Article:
touring bikes, but I don't think the extra cost really merits its use and its long term performance after yeras of punishment is still unknown. Also I think tourers stick with their bikes for a long time, decades sometimes, and they modify and change them over the years and its just alot easier to braze on an extra fitting and repaint steel than carbon fiber. I'm getting a new touring bike made with Columbus Zona tubes that I expect to ride for 20 plus years and the frame weight is 3.75 lbs, that's light enough for me.
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Old 12-24-05, 03:24 PM
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Thanks everyone. I do have an inquiry into Specialized and will let you know their reply. I understand staying with what is known to work. I'm just trying to avoid purchasing another bike. If I had a Trek 520 I wouldn't be posting. I had my last touring trek for 15 years before it literally fell apart...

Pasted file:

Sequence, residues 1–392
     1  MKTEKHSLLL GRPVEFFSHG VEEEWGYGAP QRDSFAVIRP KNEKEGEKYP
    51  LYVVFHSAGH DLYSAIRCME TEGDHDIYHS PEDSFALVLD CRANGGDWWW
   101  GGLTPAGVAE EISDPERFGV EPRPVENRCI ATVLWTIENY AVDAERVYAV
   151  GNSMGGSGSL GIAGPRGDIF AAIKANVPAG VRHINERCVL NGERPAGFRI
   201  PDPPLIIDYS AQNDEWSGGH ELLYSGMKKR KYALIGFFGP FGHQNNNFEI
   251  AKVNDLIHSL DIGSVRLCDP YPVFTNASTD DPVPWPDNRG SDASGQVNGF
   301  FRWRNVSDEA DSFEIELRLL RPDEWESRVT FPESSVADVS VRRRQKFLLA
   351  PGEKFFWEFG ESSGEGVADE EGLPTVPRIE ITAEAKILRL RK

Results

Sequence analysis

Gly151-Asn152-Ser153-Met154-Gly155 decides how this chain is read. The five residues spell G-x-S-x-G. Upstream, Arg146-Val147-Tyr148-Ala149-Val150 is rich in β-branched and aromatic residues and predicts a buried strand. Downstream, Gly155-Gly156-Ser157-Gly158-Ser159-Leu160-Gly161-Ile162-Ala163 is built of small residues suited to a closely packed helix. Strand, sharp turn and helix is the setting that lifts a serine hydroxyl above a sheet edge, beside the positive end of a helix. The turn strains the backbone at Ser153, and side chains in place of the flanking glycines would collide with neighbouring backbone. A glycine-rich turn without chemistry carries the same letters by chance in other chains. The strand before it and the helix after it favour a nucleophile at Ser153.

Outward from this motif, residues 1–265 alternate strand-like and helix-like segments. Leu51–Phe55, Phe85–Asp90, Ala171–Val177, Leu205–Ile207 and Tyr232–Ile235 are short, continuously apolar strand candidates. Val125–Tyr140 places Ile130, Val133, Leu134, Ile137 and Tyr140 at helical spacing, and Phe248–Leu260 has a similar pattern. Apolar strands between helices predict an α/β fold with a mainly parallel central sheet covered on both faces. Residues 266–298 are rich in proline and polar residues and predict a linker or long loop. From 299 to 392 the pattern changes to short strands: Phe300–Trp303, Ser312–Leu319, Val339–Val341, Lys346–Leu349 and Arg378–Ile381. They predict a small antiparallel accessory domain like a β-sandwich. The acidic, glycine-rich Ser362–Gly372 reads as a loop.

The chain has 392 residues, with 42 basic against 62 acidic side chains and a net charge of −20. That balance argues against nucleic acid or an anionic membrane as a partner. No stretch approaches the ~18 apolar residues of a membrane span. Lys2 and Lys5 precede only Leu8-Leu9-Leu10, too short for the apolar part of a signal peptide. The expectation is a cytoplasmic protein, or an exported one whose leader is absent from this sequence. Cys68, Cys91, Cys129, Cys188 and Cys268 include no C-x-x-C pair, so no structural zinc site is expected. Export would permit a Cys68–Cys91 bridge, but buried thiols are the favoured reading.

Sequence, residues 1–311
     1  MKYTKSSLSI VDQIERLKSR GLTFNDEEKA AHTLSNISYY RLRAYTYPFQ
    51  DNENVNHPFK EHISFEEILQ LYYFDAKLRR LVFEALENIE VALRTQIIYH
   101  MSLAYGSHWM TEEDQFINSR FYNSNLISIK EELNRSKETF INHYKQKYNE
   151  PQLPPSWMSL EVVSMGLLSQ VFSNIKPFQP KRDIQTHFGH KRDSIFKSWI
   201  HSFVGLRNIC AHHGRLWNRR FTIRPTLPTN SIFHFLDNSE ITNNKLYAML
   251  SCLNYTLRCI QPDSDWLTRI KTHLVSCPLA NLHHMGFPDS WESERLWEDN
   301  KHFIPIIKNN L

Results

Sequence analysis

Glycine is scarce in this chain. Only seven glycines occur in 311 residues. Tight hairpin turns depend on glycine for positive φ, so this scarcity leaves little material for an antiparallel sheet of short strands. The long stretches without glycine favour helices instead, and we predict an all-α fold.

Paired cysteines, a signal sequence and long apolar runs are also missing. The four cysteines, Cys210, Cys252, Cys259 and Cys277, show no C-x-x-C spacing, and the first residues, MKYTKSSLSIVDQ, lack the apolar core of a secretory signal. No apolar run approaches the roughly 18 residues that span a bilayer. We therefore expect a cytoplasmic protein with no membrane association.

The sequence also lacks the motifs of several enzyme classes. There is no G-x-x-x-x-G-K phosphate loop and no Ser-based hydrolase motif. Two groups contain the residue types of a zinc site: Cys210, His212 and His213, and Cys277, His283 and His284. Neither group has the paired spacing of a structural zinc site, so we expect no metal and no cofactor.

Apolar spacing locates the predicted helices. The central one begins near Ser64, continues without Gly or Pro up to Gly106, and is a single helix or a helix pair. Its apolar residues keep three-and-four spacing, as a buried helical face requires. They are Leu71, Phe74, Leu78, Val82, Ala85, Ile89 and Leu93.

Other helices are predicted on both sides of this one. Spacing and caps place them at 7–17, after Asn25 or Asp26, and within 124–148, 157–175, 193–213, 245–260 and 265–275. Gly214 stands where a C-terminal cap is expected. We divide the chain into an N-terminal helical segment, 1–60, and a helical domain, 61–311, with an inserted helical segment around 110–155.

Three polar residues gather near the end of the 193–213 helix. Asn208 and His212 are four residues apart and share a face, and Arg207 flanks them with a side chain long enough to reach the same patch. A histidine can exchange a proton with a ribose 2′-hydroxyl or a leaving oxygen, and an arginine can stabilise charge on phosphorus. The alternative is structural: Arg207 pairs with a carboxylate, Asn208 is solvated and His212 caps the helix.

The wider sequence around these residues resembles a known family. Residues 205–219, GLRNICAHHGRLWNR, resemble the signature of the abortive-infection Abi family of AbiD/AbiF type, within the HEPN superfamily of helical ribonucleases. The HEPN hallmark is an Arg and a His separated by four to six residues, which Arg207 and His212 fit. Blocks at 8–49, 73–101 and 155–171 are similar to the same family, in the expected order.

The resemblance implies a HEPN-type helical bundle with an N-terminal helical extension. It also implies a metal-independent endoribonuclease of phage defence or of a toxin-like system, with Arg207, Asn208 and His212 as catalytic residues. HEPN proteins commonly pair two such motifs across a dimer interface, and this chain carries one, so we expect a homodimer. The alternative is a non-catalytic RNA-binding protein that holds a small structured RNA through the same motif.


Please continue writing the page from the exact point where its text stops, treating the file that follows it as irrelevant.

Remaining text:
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Old 01-01-06, 05:46 PM
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I finally got a reply from Specialized and they don't recommend it. Oh well, guess I'm in the market for a used touring bike (52cm). Anyone have a recommendation as to where to look?
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Old 01-01-06, 08:33 PM